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All across the nation Harlem Bush Music was booming. Coast to coast, Canada to Mexico, this was

one of our main musical statements. It had everything: anti-Vietnam war statements, metaphysics,

straight up revolutionary fervor, dance&romance, blues

 

 

Gary Bartz CDs

 

There Goes the Neighborhood / Episode One Children of Harlem  / Juju Street Songs / Vignettes / Red & Orange Poems

 

Libra/Another Earth / Blues Chronicles: Tales of Life / Reflections of Monk /

 

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Gary Bartz Ntu Troop “People Dance”

 Music Commentary by Mtume ya Salaam & Kalamu ya Salaam

 

The Harlem Bush Music LPs take me back. I grew up on this stuff, even if back then I had no idea what I was hearing. I probably didn’t understand a word of it. I’d even bet that I wasn’t consciously “listening.” But now, more than thirty-five years later, when I hear Gary Bartz and Andy Bey doing their thing on “Rise” or “Celestial Blues,” I feel it in a way that I doubt I could or would if I really was hearing it for the first time.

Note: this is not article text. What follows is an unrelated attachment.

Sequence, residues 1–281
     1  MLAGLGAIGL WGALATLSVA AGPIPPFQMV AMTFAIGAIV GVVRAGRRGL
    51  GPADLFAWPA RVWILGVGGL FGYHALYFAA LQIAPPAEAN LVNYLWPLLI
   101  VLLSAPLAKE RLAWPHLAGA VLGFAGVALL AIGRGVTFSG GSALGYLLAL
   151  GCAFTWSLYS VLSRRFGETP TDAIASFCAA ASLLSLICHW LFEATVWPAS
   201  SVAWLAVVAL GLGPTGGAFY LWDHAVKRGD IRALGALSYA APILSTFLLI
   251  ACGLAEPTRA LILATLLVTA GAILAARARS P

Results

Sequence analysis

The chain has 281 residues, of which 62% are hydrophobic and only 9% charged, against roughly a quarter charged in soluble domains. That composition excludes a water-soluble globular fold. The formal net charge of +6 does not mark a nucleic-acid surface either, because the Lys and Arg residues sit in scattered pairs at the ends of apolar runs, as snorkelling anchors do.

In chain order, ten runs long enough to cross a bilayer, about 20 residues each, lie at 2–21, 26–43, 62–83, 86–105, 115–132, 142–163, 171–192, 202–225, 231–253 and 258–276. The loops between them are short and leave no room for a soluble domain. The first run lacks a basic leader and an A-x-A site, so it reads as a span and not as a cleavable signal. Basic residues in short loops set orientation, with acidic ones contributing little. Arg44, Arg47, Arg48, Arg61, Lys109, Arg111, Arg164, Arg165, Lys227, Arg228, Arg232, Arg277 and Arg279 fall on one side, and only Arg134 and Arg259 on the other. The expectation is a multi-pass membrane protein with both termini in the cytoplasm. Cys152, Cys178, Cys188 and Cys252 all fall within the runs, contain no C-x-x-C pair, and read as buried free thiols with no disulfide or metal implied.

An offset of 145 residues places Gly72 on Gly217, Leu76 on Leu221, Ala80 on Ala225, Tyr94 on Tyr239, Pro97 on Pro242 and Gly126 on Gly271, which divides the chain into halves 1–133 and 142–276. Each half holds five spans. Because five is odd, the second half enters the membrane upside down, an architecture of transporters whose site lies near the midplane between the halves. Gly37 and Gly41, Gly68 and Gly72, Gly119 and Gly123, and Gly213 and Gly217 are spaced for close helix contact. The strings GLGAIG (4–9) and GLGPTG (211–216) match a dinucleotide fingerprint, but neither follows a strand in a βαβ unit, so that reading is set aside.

The history of this music is a little confusing, so check it, here goes. Gary Bartz is a jazz saxophonist (soprano and alto) who came out of one of the many Art Blakey bands. A few years after releasing his first recording as a headliner, Bartz put together a jazz collective named Ntu Troop, the leaders of which were vocalist Andy Bey as well as Bartz himself. Today, Bartz is best known for the gorgeous title track of his 1977 Music Is My Sanctuary LP, but those truly in the know know that Bartz’ greatest moment came years earlier.

Released months apart in 1971, Harlem Bush Music - Taifa and Harlem Bush Music - Uhuru are two of the best jazz/funk/soul/fusion albums you’ll ever hear. According to the liner notes of the reissue (which compiles both LPs on one CD, albeit minus one track), the two albums were originally conceived as a single double LP. That’s easy to believe considering that, these days, it’s difficult to tell which song belongs to which album. This music is all part of the same impulse — heavy on percussion and chanting, with Bartz and Bey frequently echoing each other’s “voice.”